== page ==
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Sunday, June 16, 2024

U.S. Soccer votes to pay USSF president for 1st time

The U.S. Soccer Federation (USSF) National Council voted on Saturday to make the position of USSF president a paid position for the first time in the federation’s history.

The vote took place at the USSF’s Annual General Meeting being held in Dallas. The change to Bylaw 401 Section 1C, which states that the USSF president will receive a stipend of $150,000 per year, passed with the support of 80.88% of the weighted vote, easily beating the two-thirds majority threshold needed for passage.

A similar measure at last year’s AGM was narrowly defeated.

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The bylaw change has long been pushed for within the membership, which consists of a spectrum of representatives — including those from youth and adult state soccer associations, as well as councils representing athletes, stakeholders in the professional game and other affiliate members.

The thinking is that having the office of president be a volunteer position restricted the pool of available candidates to those who were wealthy enough to meet the time commitment needed to do the job. Advocates also stressed that the position was akin to a full-time job, especially with the U.S. set to co-host the 2026 men’s World Cup with Canada and Mexico.

Among the opponents of the measure was Dave Guthrie, executive director of the Indiana State Soccer Association. Guthrie’s concerns centered on the legality of paying the president of a nonprofit organization, and whether the duties currently being undertaken by the president would be better done by USSF employees.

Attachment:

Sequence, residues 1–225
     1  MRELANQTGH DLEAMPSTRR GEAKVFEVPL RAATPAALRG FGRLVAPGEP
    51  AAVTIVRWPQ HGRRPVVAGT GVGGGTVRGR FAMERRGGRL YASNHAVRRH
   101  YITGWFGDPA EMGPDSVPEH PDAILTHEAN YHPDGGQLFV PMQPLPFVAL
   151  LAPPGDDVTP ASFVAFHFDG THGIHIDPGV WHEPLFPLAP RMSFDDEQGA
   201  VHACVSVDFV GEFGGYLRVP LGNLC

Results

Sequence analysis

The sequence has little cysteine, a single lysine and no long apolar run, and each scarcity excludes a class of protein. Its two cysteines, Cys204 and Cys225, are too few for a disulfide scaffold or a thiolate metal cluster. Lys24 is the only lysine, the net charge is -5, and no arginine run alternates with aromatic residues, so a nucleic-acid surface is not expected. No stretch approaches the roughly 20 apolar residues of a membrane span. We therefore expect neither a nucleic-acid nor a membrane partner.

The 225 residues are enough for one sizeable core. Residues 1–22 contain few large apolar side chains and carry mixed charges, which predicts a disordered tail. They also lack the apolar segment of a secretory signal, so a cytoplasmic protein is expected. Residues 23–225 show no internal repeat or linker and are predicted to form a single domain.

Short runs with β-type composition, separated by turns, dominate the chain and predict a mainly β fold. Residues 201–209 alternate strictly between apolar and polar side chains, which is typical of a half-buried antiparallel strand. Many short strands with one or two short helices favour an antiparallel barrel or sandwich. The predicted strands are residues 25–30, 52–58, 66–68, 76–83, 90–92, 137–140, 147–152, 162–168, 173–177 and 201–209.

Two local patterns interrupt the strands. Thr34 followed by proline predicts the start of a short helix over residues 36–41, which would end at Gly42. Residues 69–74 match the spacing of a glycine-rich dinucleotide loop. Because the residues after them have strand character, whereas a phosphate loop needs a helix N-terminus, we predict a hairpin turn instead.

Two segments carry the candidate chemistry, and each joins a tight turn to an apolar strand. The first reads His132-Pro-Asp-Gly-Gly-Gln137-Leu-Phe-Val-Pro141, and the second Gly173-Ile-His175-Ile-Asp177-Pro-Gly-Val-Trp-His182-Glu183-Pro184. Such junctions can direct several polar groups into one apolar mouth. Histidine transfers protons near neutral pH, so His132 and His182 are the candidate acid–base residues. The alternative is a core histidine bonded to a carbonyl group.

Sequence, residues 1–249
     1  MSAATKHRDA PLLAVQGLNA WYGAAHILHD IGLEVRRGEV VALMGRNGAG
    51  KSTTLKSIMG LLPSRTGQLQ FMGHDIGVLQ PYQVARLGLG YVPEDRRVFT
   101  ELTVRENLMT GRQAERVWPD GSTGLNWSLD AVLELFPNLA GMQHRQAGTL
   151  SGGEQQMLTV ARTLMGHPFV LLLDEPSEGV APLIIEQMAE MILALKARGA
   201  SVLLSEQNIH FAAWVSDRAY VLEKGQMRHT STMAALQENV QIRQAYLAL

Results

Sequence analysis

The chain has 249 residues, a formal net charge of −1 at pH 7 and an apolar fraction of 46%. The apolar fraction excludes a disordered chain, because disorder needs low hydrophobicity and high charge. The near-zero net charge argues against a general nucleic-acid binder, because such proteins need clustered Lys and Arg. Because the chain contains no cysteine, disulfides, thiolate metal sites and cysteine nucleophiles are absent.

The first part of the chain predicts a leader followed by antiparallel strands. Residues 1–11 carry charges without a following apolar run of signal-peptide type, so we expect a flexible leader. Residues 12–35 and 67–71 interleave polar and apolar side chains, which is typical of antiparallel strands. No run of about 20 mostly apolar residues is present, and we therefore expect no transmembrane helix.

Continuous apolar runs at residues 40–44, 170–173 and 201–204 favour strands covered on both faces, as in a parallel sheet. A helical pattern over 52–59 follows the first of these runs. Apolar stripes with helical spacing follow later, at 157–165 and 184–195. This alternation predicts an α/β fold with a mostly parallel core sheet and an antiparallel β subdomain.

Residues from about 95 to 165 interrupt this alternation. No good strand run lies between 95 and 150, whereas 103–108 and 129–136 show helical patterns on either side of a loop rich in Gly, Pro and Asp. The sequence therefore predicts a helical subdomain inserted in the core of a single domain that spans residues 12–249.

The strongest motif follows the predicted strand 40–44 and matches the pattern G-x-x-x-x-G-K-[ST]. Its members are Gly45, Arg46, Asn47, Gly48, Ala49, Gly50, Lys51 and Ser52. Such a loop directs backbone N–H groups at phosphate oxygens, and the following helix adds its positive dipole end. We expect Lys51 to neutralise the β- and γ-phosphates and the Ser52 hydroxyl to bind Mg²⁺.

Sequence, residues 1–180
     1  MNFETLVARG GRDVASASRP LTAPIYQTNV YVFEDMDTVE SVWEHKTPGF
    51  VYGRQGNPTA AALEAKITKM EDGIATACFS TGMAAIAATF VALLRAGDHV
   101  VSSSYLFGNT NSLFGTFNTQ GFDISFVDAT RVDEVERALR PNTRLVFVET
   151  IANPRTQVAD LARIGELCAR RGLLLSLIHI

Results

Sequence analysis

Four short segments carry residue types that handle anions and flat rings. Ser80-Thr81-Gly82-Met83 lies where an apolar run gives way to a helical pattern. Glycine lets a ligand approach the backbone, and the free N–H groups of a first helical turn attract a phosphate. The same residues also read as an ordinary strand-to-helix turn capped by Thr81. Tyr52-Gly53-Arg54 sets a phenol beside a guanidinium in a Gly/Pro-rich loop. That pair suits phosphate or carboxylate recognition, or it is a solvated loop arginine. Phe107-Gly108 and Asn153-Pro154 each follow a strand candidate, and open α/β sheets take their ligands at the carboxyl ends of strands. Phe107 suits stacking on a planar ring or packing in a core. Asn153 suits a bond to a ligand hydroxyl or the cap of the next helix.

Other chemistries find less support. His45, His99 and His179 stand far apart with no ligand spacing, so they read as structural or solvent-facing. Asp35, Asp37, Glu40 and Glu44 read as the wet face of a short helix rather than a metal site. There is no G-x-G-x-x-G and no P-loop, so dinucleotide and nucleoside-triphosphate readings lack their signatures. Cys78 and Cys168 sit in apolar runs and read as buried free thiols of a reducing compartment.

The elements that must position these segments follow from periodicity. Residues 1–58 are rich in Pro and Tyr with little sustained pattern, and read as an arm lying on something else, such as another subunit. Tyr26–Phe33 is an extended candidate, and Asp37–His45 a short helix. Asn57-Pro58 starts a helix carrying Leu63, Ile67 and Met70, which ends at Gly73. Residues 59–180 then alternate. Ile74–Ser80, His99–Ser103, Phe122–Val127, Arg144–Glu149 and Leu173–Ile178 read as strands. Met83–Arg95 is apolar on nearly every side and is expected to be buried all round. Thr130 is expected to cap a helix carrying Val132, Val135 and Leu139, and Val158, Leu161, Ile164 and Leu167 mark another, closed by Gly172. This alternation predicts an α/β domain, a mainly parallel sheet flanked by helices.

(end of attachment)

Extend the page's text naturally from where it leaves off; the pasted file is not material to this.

Guthrie stated that the president is supposed to be a steward of the game and focus on setting a vision.

“If we’re casting all of these responsibilities on the president, that’s not following best practices for a 501(c)(3),” he added. Instead he said that the USSF “should reallocate those responsibilities back to staff and have our president focus” on the responsibilities outlined in the USSF’s bylaws.

Hugh Goodridge, president of the New York State West Youth Soccer Association said he would vote against the measure because “other compensation is being provided” to the USSF president.

Cone also sits on the Concacaf Council, with a source confirming to ESPN that the position pays $125,000 per year.

Juan Uro, an independent member of the USSF Board of Directors, and the sponsor of the bylaw change, countered that there were no legal issues, and that his research indicated that “the officer can be paid, full stop.”

“We are not trying to operate like the Mayo Clinic or the Red Cross …We are soccer. We need the president to stand out and work with other [federation] presidents around the world,” he added.

Uro’s position ultimately carried the day.

In other federation business, the USSF National Council elected Nathán Goldberg Crenier to the office of USSF vice-president. Goldberg Crenier, who will now serve a four-year term, defeated USSF board member Dr. Pete Zopfi by a vote of 75% to 25%.

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